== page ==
Posts Tagged ‘Metamorphosis’

metamorphosisThe start of each year is when we hear much about resolutions and goals for the new year.  I’ve shared with you my goals for 2013 categorized by body, mind and spirit.  I’m sure you’ve had conversations with others about your goals and/or theirs.

Some have an aversion to the word “resolution” and clearly state that they don’t make resolutions.  I’ve never quite understood the aversion to doing so unless they are operating from a wildly different definition of “resolution” that I am.  It just means to resolve or determine to do something, so why the aversion?  Many will just use the word “goal” instead.  Some will use them interchangeably.

I heard one person on the radio this week describe a resolution as that which is the broad objective that then must be broken down into various goals.  His example was having a resolution to be the best dad possible, with a goal of spending quality one-on-one time daily with his children.

Frankly, it matters not to me which word you use – resolution, goal or something else.  That really isn’t important.  The point of the whole thought process and consequent actions is to get something done, to accomplish something, to make a positive change, etc.

We hear a lot at the beginning of the year related to fitness goals.  We see fitness center memberships and activity soar early in the year, only to typically trail off to previous levels of activity within a couple of months.  You won’t have to search Google very long to find articles about how to keep your New Year’s resolutions, how to reach your goals, or how difficult some find it to do so.

It seems we lull ourselves into thinking that just because the clock struck midnight on January 1 to ring in the new year, we are somehow magically and instantly a different person than we were the previous year (or the previous day).  It’s as though we say, “Yesterday, I didn’t have the resolve to eat right, exercise more, spend more time with family, read more, give more, etc., but now that the calendar says it’s 2013, I am a new person!”

I don’t think it’s quite that easy or instantaneous.  The change of a calendar doesn’t guarantee a change in you or your resolve to do something.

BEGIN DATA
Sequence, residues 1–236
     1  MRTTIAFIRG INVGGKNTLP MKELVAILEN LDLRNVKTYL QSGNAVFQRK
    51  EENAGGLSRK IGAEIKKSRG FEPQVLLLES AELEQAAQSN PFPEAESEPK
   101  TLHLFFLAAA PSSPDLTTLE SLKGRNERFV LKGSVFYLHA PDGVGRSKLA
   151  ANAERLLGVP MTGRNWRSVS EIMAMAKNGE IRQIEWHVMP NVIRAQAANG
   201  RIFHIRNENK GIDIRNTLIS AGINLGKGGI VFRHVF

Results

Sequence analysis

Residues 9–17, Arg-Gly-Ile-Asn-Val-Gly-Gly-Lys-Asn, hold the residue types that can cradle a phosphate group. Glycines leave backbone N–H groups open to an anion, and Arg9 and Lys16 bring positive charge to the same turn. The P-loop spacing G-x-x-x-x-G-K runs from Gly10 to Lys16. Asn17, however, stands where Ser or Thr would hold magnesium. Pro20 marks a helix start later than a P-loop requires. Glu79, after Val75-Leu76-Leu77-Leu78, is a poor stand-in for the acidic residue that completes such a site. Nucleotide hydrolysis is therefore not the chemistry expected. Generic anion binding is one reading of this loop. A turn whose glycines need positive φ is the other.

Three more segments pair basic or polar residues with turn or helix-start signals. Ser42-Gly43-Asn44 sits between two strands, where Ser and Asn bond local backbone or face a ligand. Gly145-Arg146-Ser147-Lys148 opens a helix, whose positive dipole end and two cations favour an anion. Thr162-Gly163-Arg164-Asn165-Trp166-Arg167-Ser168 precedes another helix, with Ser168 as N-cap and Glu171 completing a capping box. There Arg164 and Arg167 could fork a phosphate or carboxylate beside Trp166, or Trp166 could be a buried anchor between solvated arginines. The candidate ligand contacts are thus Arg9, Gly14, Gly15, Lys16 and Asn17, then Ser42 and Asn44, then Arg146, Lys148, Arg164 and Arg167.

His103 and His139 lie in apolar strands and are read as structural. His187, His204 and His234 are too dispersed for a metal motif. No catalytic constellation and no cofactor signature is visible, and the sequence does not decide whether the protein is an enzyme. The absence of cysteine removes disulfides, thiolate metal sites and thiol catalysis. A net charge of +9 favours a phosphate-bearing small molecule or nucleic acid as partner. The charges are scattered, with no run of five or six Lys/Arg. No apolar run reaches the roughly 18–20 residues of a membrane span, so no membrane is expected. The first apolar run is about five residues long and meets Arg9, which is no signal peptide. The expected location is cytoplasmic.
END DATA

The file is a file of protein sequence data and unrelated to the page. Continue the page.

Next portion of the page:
If we are to keep our resolutions and reach our goals – especially ones that have escaped us year after year in the past – then something else has to change.  Something inside us has to change.  Otherwise, after a few weeks of energy and enthusiasm the old self will just take back its presumed rightful place in the driver’s seat and take us down that same ol’ path we’ve traveled way too many times before.

To come back to the radio guy’s distinction between a resolution and a goal, I think he’s on to something.  In his example, if he really does want to be a better dad, then surely there is nothing that can easily erase that desire.  It is a core principle that he wants to live out in meaningful ways.  For the person who knows his/her health habits are detrimental long term, is there a real, heart-felt desire to be healthy and take care of one’s body for the benefit such health will bring for yourself as well as others?  If so, and that desire is central to how you see yourself as a person with a purpose, then why would you allow anything to stop you from taking action toward success?

Many reading this may have a hard time understanding how people don’t make and reach goals.  Some who are very task oriented just find it natural to set such goals, carve them up into little bite-sized pieces and tackle them until done.  I happen to be in that crowd more often than not.